His 211 field research paper
Among the historical sites in Washington D.C, Eastern Market is unique. It is not a monument which is unchanged and does not have any interactions with humans or a museum which is also a public place, but the activities are so limited. Eastern Market’s history reflects the trends in the history of D.C as well as the United States. Its history does not stop from its dedication, and will not only list the different renovations it has endured. The history of Eastern Market is told and is written by the people involve with it.
Eastern Market has long been a core element in Capitol Hill – the historic district. It is situated at 225 7th street SE, close to C street SE and across from the Eastern Market Metro Station. The Market was built in 1873, basing on the design of Adolf Cluss. The Market has stood tall since the day it was constructed and its history of survival granted it the title of the oldest continuously operating food market in Washington D.C. Initially, the Market consisted of only the South Hall; afterwards, in 1908, the Center and North Halls were erected. These halls were designed by the Inspector of Buildings of D.C.’s Office of Public Works Snowdon Ashford (Holwill). In 1964, Eastern Market became a D.C Historic Landmark and in 1971 it was given a place on the National Register of Historic Places (Holwill). Eastern Market opens every day except Monday. There is also the Flea Market at Eastern Market which operates on Saturdays and Sundays from 10 a.m to 5 p.m. and the Farmers Market at Eastern Market which opens every Saturday and Sunday from 7 a.m to 5 p.m year-round. Eastern Market has long been considered the heart of Capitol Hill neighborhood, however not all of the shoppers are from around the area. The Market also attracts many people from other parts of D.C as well as tourists. It is accessible by the metro system or any types of transportation though parking can prove difficult during weekend. Inside the historic building, there are 14 vendors (“Indoor merchants”) selling a variety of products including fruits, flowers, fish, beef, pork, lamb, poultry, pasta, pastry, sausages, etc. Many of the stores have been operating business in the Market for a long time like Calomiris Fruits and Vegetables and Union Meat Company, LLC. Not all of the products in the Market are brought straight from farms, however. There are also strawberries from Giant and Driscoll’s blueberries. Outside, the farmers market offers fresh fruits, vegetables, sauces, cheese as well as homemade soap, and a variety of handicrafts, ranging from jewelry to toys, pictures, quilt, with jewelry being the most prevalent product. Another specialty of the Farmers Market at Eastern Market is the food stands. The line at the crepes stand is always the longest, but one can also choose to enjoy other kinds of food that can be identified with the Market including gumbo, pretzels, and tiny donuts. On a nice Saturday or Sunday, there are always sights of families with kids or dogs strolling from stand to stand in the farmers market. A little further West is the Flea Market at Eastern Market, situated in the Hine School yard at 7th and C streets SE (“Welcome”). This flea market is one of the largest in the whole nation, hosting “up to 100 exhibitors from five continents” (“Welcome”). In the flea market, one can find a plethora of products from pottery to posters, from apparels to carpets as well as different types of antiques, collectibles, jewelry, etc. Street music performers entertain the shoppers with playful tunes played by the African drums, the violins or maybe the saxophone. It is hard to deny the fun at Eastern Market, especially on weekend.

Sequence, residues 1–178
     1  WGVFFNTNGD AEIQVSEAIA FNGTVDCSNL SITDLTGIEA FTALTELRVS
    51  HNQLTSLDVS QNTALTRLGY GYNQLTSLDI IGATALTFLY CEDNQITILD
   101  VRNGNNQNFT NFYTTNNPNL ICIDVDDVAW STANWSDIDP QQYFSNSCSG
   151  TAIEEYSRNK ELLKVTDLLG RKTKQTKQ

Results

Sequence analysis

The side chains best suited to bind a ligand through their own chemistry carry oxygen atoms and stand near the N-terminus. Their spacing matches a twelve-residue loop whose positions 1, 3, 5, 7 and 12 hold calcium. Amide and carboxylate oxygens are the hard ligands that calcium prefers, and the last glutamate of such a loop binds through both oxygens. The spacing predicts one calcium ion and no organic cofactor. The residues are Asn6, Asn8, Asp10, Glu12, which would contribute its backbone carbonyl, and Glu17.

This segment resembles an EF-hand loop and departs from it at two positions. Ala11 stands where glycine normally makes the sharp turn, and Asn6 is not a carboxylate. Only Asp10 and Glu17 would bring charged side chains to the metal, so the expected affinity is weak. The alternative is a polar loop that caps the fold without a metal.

Pierre L’Enfant’s plan for the District of Columbia involved three public markets – Center, Western and Eastern. The first Eastern Market at 7th and L street SE was approved by President Thomas Jefferson in